Even Michael Coalville-Anderson wrote about this a ouple of years ago http://www.copenhagenize.com/2014/02/the-e-bike-sceptic.html

In my opinion, it is the faster speed that is more easily attained,  some e-bikes (& we're talking the non speed variants) exceed the 15.5mph (illegally so). Many Dutch cyclists of a certain age will not have cycled at those speeds for many, many years. You also have the added weight and momentum (kinetic energy) which means further to stop and the inability of some older people to judge all of that.

Avatar
Helmut D. Bate [86 posts] 2 months ago
1 like

I like to think that the Dutch oldies, on experiencing the first symptom of a coronary/stroke, jump on their pedelec to A&E, and that explains the spike in the unfortunates.

The rest, as soon as they are out of intensive care, revert to tearing up the Dutch Alps on their uprights.

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Rich_cb [498 posts] 2 months ago
0 likes
BehindTheBikesheds wrote:

You fail to grasp how things work.

if you have an overall decline in danger presented to people on bikes - absolute numbers going down across all age groups but only three specific age groups show a very large % increase conversely to the reduction in all the others, there most definitely IS a correlation. 

Deaths in the older age groups due to them being more fragile when falling off bikes would already show up in previous years, in fact more so if medically related because standard bike users would be more prone to exertion related deaths comparative to e-bike users in older age groups.

And yet the only groups that are purchasing e-bikes in huge, huge numbers (45% and up) are the only groups to go in the complete opposite direction with regards to deaths. As i said, you cannot use the older persons medical frailty or their frailty from falls because that would simply show a like for like drop across all age groups if there is no intervention/something changed.

The ONLY change is e-bikes, the roads/environ are safer because all the other groups are reducing death numbers across that 9 year period, so it can't be medical, it can't be fragility for the reason i explained, so it must by definition be the e-bikes.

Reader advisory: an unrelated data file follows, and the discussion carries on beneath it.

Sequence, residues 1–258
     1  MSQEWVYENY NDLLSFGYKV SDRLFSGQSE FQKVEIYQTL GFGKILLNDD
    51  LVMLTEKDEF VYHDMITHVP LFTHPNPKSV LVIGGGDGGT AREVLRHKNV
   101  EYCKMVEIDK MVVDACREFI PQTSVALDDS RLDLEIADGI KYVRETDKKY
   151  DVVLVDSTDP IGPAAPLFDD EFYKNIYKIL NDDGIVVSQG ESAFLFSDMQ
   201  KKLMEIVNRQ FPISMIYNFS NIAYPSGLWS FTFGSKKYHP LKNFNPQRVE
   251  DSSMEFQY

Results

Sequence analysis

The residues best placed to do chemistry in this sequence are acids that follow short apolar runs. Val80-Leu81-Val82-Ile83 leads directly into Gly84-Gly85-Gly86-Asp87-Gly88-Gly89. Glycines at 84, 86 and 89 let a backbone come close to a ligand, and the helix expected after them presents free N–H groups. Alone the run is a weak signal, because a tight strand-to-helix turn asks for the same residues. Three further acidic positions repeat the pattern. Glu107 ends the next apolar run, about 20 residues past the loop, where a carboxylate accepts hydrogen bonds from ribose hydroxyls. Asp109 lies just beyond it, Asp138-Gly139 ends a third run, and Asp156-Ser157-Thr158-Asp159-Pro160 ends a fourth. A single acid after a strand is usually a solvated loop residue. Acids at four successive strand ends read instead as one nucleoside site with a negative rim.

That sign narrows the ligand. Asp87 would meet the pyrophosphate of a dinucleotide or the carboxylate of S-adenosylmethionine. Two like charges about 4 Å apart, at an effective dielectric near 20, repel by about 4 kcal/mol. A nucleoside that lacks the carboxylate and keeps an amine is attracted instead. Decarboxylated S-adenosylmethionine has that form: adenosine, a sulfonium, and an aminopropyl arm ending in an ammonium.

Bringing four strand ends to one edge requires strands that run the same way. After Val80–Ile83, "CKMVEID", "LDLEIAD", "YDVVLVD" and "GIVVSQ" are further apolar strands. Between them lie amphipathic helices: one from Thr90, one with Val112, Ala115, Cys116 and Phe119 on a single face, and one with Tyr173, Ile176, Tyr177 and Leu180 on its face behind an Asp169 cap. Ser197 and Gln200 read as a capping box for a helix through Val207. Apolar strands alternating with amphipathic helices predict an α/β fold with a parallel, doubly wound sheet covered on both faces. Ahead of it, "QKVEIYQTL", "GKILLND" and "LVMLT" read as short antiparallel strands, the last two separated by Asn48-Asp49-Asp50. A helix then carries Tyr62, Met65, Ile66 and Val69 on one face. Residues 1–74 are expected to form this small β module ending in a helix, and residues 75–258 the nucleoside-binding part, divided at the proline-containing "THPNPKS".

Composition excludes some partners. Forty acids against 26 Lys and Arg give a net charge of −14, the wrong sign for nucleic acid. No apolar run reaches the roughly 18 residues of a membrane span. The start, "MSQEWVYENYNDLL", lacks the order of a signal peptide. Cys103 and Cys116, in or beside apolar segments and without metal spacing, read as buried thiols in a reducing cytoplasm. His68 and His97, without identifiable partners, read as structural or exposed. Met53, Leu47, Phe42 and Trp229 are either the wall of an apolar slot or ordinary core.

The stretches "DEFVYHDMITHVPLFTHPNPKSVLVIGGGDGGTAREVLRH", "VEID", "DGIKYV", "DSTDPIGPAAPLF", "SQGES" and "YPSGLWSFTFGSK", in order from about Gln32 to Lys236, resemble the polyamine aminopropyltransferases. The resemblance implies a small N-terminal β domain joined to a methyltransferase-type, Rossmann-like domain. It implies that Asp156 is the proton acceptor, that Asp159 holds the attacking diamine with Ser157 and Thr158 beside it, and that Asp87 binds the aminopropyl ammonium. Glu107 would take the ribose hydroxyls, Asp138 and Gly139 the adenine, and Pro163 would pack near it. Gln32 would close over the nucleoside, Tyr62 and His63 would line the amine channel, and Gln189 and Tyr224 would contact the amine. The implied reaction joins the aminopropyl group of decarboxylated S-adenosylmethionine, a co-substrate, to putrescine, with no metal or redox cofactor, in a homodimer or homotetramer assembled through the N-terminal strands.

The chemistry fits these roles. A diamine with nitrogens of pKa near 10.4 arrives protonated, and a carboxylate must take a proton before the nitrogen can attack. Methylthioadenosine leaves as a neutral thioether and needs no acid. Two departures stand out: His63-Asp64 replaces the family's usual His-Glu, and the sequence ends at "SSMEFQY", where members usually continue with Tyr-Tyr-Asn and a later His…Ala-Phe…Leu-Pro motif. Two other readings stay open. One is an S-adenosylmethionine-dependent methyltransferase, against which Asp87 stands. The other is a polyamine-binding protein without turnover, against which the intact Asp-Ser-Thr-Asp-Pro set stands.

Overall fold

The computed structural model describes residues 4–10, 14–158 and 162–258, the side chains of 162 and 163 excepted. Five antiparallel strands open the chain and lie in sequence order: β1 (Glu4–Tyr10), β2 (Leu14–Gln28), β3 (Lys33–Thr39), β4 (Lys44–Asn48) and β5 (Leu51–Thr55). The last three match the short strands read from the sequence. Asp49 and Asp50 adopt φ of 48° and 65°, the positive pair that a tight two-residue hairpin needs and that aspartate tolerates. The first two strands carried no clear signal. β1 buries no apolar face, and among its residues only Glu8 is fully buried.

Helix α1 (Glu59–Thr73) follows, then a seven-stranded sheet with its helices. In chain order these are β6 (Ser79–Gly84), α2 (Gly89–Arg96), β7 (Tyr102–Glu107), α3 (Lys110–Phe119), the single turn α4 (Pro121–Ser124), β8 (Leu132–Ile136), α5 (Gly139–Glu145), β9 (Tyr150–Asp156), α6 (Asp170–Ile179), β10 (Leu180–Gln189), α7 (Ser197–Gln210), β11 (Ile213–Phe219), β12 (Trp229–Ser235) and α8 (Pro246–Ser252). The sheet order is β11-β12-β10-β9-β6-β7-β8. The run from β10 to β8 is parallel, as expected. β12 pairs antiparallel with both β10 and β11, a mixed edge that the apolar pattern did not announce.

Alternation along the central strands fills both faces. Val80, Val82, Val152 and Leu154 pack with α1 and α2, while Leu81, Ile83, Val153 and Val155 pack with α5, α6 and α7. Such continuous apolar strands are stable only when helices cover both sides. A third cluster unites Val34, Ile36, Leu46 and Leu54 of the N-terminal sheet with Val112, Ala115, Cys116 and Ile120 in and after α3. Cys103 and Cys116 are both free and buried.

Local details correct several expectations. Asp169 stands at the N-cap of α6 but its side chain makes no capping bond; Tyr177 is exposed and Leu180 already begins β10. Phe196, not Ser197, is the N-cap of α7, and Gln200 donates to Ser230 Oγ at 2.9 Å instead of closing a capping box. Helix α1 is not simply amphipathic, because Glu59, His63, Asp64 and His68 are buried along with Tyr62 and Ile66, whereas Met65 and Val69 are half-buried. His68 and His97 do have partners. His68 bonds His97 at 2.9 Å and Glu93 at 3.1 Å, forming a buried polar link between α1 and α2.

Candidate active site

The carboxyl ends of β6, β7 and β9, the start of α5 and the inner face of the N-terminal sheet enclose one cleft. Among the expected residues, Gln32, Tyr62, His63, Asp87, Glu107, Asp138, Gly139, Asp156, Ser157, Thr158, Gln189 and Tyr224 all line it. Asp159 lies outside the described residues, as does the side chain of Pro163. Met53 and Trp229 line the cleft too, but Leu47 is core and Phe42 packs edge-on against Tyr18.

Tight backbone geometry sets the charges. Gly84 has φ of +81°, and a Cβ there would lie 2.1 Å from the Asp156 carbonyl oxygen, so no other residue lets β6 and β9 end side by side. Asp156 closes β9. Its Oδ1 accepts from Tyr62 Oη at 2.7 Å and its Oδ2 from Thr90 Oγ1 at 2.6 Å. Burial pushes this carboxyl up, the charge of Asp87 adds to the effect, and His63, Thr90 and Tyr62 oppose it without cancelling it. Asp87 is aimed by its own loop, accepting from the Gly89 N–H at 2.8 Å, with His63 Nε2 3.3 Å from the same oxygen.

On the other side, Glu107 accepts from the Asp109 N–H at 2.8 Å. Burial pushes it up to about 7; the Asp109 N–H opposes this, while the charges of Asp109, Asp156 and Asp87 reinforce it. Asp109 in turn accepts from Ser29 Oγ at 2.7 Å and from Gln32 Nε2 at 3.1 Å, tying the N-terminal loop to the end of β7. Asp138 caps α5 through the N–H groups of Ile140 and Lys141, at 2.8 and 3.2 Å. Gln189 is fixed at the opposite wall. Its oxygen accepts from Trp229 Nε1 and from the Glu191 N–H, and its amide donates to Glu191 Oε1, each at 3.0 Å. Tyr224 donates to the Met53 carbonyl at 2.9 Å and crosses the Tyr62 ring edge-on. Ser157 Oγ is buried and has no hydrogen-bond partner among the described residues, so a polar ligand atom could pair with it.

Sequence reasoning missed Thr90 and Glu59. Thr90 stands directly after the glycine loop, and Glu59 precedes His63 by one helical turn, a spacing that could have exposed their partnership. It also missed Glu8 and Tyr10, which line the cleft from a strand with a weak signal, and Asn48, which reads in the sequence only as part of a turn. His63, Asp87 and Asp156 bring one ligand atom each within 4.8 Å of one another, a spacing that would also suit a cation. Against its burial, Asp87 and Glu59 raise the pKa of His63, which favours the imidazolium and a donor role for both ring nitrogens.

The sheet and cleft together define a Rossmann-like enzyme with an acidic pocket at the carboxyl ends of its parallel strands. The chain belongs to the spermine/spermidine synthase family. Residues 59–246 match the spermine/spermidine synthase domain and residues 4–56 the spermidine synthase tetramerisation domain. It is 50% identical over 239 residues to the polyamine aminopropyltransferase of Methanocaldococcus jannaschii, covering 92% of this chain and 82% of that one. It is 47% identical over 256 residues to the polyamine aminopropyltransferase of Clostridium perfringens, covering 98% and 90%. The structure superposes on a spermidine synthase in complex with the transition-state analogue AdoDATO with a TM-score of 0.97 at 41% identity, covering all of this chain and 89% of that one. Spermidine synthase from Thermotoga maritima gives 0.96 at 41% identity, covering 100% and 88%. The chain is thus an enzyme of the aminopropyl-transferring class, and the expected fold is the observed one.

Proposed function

Even Michael Coalville-Anderson wrote about this a ouple of years ago http://www.copenhagenize.com/2014/02/the-e-bike-sceptic.html

In my opinion, it is the faster speed that is more easily attained,  some e-bikes (& we're talking the non speed variants) exceed the 15.5mph (illegally so). Many Dutch cyclists of a certain age will not have cycled at those speeds for many, many years. You also have the added weight and momentum (kinetic energy) which means further to stop and the inability of some older people to judge all of that.

You've misunderstood relative and absolute risk again.

If cycling is getting safer but more people are cycling then the absolute number of fatalities can still rise.

The number of people over 60 is increasing rapidly compared to other age demographics, add to that the fact that e bikes allow more of that group to cycle and the 'at risk' population has increased massively.

That could easily cause an increase in the absolute number of deaths even if the risk per km cycled was decreasing.

There is also no significant rise in the 70-79 age group which completely undermines your theory regarding the 60-69 age group.

As a final point even if e-bikes were responsible for more deaths in crashes they may still present a public health benefit as the increase in cycling may lead to a greater reduction in mortality from other causes.

Avatar
FrankH [74 posts] 2 months ago
1 like

What does it matter if the over 60s are dying on e-bikes? They're going to die of something pretty soon anyway. angel

(BTW, I'm 68 so well inside the over 60 group. )